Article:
- Unable to confirm patient's diagnosis of tinea cruris. Further evaluation and /or supervised is required. (See Differential Diagnosis above)
1. Non-pharmacological treatment for tinea infections:
- Skin should be kept dry to help stop infection from spreading.
- Avoid rubbing or scratching lesions.
- Use a hair dryer on cool setting to dry the affected area.
- Wear loose fitting, cotton clothing or moisture absorbing synthetics.
- Launder items used by infected person separately and often.
- Use of non-medicated powders may help absorb moisture. Do not use cornstarch or powders that contain cornstarch as these may provide nourishment for the tinea organisms.
- The main cause of tinea cruris is transfer of the microorganism from the patient's feet. This can occur while changing after exercise, swimming or bathing. Instruct patient to fully dry feet and put on socks before undergarments, especially after using a public change room.
- OTC anti-fungal agents are available in a variety of dosage forms; creams, lotions, gels, solutions, sprays and powders. Generally creams and solutions are most effective because they can be massaged into infected areas so more of the product comes in contact with the fungus. Solutions may be easier to apply to hairy areas. Sprays and powders can be useful as adjunctive treatment, especially for oozing lesions and as preventative agents.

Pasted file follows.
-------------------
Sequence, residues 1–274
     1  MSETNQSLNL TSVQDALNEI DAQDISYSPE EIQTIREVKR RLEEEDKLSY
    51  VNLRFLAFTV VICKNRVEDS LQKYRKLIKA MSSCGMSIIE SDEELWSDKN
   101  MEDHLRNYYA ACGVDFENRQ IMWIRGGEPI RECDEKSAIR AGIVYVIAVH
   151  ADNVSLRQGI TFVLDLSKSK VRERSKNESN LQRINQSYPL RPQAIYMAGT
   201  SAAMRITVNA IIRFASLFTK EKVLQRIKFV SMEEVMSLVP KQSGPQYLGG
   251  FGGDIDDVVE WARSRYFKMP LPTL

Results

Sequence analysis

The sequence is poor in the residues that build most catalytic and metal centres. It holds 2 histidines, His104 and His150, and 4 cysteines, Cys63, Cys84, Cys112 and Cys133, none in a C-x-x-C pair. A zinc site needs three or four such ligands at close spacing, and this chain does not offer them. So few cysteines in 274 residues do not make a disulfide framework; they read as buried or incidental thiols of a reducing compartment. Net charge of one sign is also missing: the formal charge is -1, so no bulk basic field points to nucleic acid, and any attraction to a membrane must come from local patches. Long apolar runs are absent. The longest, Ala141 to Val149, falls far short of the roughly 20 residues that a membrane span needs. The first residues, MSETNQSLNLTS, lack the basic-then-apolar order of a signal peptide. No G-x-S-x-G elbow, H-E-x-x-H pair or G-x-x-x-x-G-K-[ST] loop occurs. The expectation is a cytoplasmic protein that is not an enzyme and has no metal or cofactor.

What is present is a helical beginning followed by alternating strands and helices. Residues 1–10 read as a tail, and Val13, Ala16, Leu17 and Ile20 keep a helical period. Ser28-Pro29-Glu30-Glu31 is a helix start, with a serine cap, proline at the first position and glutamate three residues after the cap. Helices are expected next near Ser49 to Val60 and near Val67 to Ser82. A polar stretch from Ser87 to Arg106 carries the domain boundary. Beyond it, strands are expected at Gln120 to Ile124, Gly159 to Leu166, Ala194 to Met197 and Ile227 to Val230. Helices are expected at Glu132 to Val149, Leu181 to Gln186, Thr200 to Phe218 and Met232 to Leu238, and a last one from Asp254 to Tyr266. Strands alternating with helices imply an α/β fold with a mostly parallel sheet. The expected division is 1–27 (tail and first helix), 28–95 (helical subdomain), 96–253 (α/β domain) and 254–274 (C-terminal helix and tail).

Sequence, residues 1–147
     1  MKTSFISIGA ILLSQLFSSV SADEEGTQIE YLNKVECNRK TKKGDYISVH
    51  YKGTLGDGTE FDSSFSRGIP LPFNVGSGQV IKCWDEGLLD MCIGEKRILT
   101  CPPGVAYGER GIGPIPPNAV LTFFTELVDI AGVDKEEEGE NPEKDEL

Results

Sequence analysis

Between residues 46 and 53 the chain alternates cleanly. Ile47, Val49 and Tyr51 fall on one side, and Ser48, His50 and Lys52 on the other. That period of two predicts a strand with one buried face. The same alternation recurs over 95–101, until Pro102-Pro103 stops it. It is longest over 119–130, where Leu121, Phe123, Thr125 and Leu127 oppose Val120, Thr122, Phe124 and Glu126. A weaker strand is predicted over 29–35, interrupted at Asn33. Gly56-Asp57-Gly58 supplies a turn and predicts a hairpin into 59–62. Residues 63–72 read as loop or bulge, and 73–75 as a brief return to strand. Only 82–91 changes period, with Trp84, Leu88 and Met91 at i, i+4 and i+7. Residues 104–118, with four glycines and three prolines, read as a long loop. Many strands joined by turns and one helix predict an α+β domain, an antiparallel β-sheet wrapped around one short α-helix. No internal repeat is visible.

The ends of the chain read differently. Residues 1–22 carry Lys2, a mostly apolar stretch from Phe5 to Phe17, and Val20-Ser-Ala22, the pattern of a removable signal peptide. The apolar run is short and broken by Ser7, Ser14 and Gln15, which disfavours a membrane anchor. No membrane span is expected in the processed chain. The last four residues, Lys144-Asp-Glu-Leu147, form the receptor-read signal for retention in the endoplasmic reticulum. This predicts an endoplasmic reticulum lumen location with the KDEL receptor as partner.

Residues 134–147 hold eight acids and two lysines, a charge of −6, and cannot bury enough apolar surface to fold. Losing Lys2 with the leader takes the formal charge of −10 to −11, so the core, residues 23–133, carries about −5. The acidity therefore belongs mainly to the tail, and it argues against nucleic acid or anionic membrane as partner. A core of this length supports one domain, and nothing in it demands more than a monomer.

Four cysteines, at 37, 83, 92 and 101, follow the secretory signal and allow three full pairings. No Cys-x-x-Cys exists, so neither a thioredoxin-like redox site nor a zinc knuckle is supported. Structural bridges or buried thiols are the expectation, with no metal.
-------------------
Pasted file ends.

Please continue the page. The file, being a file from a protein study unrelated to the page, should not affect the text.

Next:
- Tolnaftate 1% available in solution, gel, powder, cream, spray
- Clotrimazole 1% available in cream
- Miconazole 2% available in cream, powder spray
- Directions for application of creams and solutions should include instructions to clean and dry the area and to apply product to visible lesions as well as 2cm to 5cm outside the visible infection. This will help treat fungus which is in the process of spreading. Massage creams into area twice a day for at least 4 weeks. Products should continue to be used for 1 week following resolution to help prevent recurrent infection.
- OTC anti-fungal treatments have been shown to be effective in treating and curing tinea infections of the skin, but they may require longer duration of treatment than with prescription agents.
- Pregnancy / Lactation
- Clotrimazole and miconazole are the agents of choice in pregnancy.
- In breastfeeding patients, clotrimazole is the drug of choice, but miconazole is acceptable.
- Tolnaftate has not been thoroughly studied in pregnancy and lactation.
Terbinafine 1% Cream and Terbinafine 1% Spray
- Terbinafine has a broad spectrum of anti-fungal activity. It is fungicidal to dermatophytes by interfering with fungal sterol biosynthesis.
- Dosage: Children > 12 years old and Adults: Apply to clean, dry affected area and surrounding area (approximately 2cm beyond visible edge of lesions) ONCE daily for at least 7 days. Two weeks of treatment provided slightly better results than one week but may not be clinically significant.
- Symptoms continue to improve for up to 4 weeks after treatment.
- Less than 5% is absorbed after topical application. Half-life is 27 hours in the stratum corneum.